coworkers keep interrupting my closed-door meetings, is it weird to throw a party for coworkers at your house, and more

It’s five answers to five questions. Here we go…

1. Coworkers keep interrupting my closed-door meetings

I am wondering how to address what seems to be an organization-wide lack of office etiquette. I was recently in a meeting with my boss, the CFO, in my office. We were discussing a serious matter and the door was shut. Yet two staff members felt it was appropriate to knock anyway, for access to non-urgent things like petty cash and use of the corporate gas card. My boss was standing near the door and opened it, visibly annoyed. He made a comment to the the two interrupters about the situation, but this is almost a daily occurrence and those two coworkers are not even the worst offenders. Today, I was interrupted (closed office door) by a staff member from another department asking if I knew where there was a vacuum cleaner they could use! That kind of pushed me over the edge, and the tone of my response was not the kindest. I indicated that I was unaware that cleaning equipment was part of the staff accountant job description and the person left in a huff. This goes on daily, even with a do not disturb sign on the door … even during an audit!

They are usually staff members from other departments. While I consider them peers in that I’m not a supervisor of any staff, in our company chart I am above them. My boss thinks I worry to much about being liked and I haven’t set appropriate boundaries because of this. He’s not wrong! I tend to let things that annoy me build up, until I eventually blow my stack. I know I need to be more direct, but my first go to about this situation was to put a sign on my office door which seems too passive aggressive. Please help before I really lose my cool!

A sign isn’t passive-aggressive; it’s practical and direct. Since you’re apparently working in an office where people think it’s fine to knock on a closed door even for minor things (and in some offices, it genuinely is) and you don’t want them to, put a sign on your door that says “in meeting — please do not interrupt.”

If someone knocks anyway (or if you forget the sign one day), it’s fine to say to the interruptor, “I’m in a meeting right now — please come back when I’m out” or “I’m in a meeting, but I’ll find you later” or so forth. If someone is a repeat offender, address that with them privately later: “When you see my door closed, please assume I’m busy and can’t be interrupted — send an email about what you need and I’ll see it when I’m done.” But none of this needs to involve blowing your stack! When you realize you can assert reasonable boundaries in a matter-of-fact way, you’re far less likely to end up frustrated to the point of losing your cool.

2. Is it weird to throw a party for coworkers at your house?

I work for a company that generally encourages team members to socialize and become friendly outside of work. I didn’t mind this when we were in-office (we have been working from home since March 2020) as this usually meant lunches, early dinners at restaurants, or happy hours near work. However, I have been on three calls this week where someone said, “When we are all vaccinated I’m going to have a BBQ, party, etc. at my house so we can all get together and see each other.” One person was my direct leader, one was my director, the third was a comparable level coworker. I know this sounds strange, but I would feel uncomfortable going to a coworker or leader’s home for a private party or BBQ. I understand COVID has changed lots of things, but I still feel like this is strange. I am polite and friendly at work, but I try to keep my work and personal social life separate. Am I wrong in thinking it would be weird to go to a coworker’s house for a private party? Or is this normal and I just haven’t been invited to any previously?

Another issue I foresee is that I imagine these events will take place on weekends or evening hours and I do not want to cut into my private, relaxation time to go to a colleagues home to socialize. I am inclined to being an introvert and need my free time to recharge. Besides crossing my fingers and hoping these events never get planned, how can I politely turn down any offers for outside of work hours events at coworkers’ homes if they do get extended, especially ones coming from someone above me?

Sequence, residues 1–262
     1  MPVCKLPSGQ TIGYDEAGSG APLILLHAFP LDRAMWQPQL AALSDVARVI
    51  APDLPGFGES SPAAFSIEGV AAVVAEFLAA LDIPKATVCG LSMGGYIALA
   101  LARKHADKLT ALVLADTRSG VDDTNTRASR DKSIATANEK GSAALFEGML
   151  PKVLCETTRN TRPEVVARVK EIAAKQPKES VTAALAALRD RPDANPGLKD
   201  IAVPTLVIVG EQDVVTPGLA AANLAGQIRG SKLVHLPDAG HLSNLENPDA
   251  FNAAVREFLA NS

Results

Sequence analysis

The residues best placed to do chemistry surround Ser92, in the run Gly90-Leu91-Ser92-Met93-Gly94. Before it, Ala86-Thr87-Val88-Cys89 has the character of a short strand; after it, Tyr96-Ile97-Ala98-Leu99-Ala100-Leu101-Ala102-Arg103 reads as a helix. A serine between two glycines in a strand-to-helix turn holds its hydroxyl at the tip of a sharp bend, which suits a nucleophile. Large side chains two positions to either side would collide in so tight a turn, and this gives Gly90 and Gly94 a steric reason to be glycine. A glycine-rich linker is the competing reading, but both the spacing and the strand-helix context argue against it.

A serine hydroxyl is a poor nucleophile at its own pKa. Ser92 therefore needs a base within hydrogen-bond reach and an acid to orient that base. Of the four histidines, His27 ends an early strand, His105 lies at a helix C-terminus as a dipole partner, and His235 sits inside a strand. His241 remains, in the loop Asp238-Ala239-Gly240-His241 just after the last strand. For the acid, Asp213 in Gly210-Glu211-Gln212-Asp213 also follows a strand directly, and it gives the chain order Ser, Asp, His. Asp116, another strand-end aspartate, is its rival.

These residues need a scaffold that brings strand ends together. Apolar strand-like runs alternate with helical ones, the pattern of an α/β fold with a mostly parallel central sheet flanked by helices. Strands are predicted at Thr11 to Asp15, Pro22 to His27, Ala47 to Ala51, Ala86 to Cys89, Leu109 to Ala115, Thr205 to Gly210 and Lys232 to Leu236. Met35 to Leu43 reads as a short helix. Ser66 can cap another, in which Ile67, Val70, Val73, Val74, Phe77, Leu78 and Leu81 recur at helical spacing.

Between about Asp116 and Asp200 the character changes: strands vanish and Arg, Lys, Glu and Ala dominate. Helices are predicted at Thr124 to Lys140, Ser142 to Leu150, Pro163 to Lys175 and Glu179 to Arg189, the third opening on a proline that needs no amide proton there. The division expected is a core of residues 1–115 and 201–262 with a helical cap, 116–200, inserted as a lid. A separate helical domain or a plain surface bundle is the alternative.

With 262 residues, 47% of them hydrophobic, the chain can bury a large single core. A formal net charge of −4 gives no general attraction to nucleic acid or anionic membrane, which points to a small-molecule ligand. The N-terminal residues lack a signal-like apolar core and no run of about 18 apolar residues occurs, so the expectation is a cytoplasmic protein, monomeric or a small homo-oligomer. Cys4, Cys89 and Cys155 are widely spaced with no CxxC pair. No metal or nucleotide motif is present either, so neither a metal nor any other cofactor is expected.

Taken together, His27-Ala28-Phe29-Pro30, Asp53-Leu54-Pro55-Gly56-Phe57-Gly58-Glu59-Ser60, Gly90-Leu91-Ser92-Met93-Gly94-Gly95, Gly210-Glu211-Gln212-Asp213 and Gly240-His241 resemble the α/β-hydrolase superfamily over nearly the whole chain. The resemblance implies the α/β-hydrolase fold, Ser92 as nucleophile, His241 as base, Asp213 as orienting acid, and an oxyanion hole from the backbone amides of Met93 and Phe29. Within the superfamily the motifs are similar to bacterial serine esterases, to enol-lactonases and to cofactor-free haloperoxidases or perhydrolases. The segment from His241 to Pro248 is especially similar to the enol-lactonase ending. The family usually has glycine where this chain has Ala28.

There are offices where this is a thing that happens. It’s often — but not always — offices with lots of young people where the social boundaries are blurred, or a senior exec hosting a relatively fancy event at their home. There are also lots of offices where this never happens and would be odd.

It’s quite possible that the plans your coworkers are announcing will never come to fruition; we’re at a stage where it feels good (to some people) to talk about all the things we’re going to do once we can do them, but that doesn’t mean they’ll really follow through. If they do, though, it’s perfectly fine for you to decline the invitation because you have other plans for that time. That said, if the party is being thrown by your manager or director, it might be politically useful to show up for an hour, be seen, and then cheerfully take your leave … but you don’t have to do that if you’d rather not. People have plans outside of work! It’s okay for you to have a conflict.

3. Is eight interviews ridiculous?

My fiancé just got out of his eighth interview for a position. Yes, eighth. The job is a manager position, but nothing like a director or a VP. These interviews were with everyone from an external recruiter to a VP and have ranged from 25 minutes to an hour. One was more of a test where they presented him with some reports that they used and asked him to find various data. The recruiter has assured him that this was the final interview, but still — it seems like a ridiculous number of interviews. Our city’s offices are almost entirely remote right now, so all of these were video calls, but what if everyone was still in offices? Would they expect him to take time off of his current job eight separate times? We wondered if normally, they’d walk him around the office and introduce him to various people after a regular interview and everyone on the team could get an impression, rather than setting up eight separate meeetings.

Other things have made me wary, though. The company is under 40 people. They have no real HR. Multiple people he talked to have hinted or outright said that they’re dedicated to “the grind” — that people work hard and, sometimes, long hours. They have no time off policy, meaning that, in theory, people can take as little or as much time off as they need. In reality, though, I’ve heard (including from your blog!) that these policies often mean that taking time off at all is frowned upon — and without a bank of PTO that’s baked into a compensation package.